Carlos de Pena30-year-old Uruguayan midfielder, He lived this 2022 one of the worst experiences of his life when he had to be in kyiv for the Russian invasion of Ukraine. “At times I had to cry,” she admits in conversation with AS. “I saw situations of boys who were with me, who called their parents to say goodbye or women with small children, which could be my case. The memories are not very nice.”
Today his present is different. He decided to return to South America in search of stability and signed at Internacional de Porto Alegre. The bet turned out well for him: he became a figure and finished second in the Brasileirao. A closing of the year that allows one to look and reflect more calmly on everything that he has had to experience.
– He spent almost four years in Ukraine and the end came in 2022 due to the Russian invasion. How were those first nights there after the offensive?
– I return to Ukraine in January 2022 to do the preseason, I spent five days where the situation was in the East, on the border with Russia, as it had been since 2014. We are going to Turkey and Spain for preseason, returning around February 20, to start the championship on the 26th. Luckily I was alone, my family was in Uruguay and they would come at the end of February. On Wednesday, February 23, the president of the club reassured us, especially to foreigners, that the situation in the capital was under control, that nothing was going to happen, that he had even spoken with the president of the country and that we could rest easy. that nothing was going to happen. but honestly I didn’t take it that way.
– How did you take it?
– With a Brazilian colleague we decided to get a ticket to go to Turkey the next day, on Thursday the 24th. That night I remember going home, I was having dinner, I talked to my wife and I went to sleep around 12 at night. And at 4 in the morning I remember waking up to the sound of two planes passing over my house. They felt quite close. And there, when I got up, I heard the sound of a bomb exploding, I don’t know if it was near or far, but I could feel it. It had fallen at the airport, 15 or 20 kilometers from my house. And from there, nervousness won me over.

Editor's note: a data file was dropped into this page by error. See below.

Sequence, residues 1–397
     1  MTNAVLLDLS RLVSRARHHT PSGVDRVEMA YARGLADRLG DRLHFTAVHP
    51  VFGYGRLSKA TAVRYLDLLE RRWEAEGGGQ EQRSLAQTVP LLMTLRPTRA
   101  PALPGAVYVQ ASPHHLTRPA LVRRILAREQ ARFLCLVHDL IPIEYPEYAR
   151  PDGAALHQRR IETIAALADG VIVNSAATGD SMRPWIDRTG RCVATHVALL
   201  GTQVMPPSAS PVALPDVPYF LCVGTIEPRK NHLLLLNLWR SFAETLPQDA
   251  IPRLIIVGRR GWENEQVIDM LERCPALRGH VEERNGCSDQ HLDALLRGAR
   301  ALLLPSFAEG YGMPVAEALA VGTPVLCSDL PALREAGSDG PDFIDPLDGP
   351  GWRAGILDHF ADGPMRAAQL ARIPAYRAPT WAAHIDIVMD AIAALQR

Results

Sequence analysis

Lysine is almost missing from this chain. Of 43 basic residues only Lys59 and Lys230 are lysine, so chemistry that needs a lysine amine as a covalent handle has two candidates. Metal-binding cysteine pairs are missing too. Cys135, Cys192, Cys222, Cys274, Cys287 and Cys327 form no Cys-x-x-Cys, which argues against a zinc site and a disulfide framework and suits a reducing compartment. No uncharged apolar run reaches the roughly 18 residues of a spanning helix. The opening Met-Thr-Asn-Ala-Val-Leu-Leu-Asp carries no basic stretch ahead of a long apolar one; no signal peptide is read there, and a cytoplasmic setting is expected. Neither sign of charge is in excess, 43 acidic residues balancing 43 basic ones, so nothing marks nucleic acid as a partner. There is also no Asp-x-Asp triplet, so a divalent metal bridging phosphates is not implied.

– What did?
– I immediately got together with my Brazilian teammates, because we lived in the same neighborhood, even some Shakhtar players, who were the ones I stayed with later, lived there, so we all went to a hotel in the center of kyiv together. , where they concentrated. We spent three nights in an underground apartment, a kind of bunker, with uncertainty, with fear, not knowing what was going to happen and trying to transmit peace of mind to our families, when we did not have it. That is the most difficult part, telling my family that everything was going to be fine when I really wasn’t sure, but luckily today I can tell it as an anecdote.
– Do you suffer more for the family than for the bombings?
– Thursday night, which was the first, I remember that it was a relatively quiet night in terms of what it felt like outside. Friday night was more complicated, because bombs were already felt nearby, there was talk that the Russian army was already close to the capital, there were clashes inside kyiv between Ukrainians and Russians. The most difficult moments were when I spoke with my family, in which many people tried to convey calm, support or strength to me and one did not feel it that way. Tell them “rest easy, I’ll be there in a few days” or that in a couple of days we would eat a barbecue together when I wasn’t sure what was going to happen… at times I had to cry or go to a quiet place to understand a little bit about what was happening. And I also saw situations of boys who were with me, who called their parents to say goodbye or women with small children, which could be the case with me. Memories are not very nice.
– How was your departure from Ukraine?
– We were in contact with the embassies, who were giving us possible outings, but we were a group of 50 people and it was not so easy, there were small children and older adults. We had decided that when we went out, we would all go out together. There was a train leaving from a station that was a 15 minute drive away. and left for the border of Poland, Romania and then Moldova. We all got on a wagon and it was a difficult time, because there were a lot of desperate people. We were on that train for 17 hours and we never got off at the border with Poland.
– For what reason?
– There were more people and it would be more difficult to cross. We decided to continue the journey to the border of Moldova, where the Ukrainian Football Federation provided us with a bus that crossed us, a journey of four hours. In Moldova we were already a little calmer, because we were outside Ukrainian territory and perhaps there we began to feel that we were indeed on our way home and we could now transmit more peace of mind to our families. There we went from Moldova to Romania by bus, it took us 12 or 13 hours, we arrived in Bucharest, where we spent the night. The next day we boarded a plane to Paris, then Sao Paulo and, in my case, Montevideo.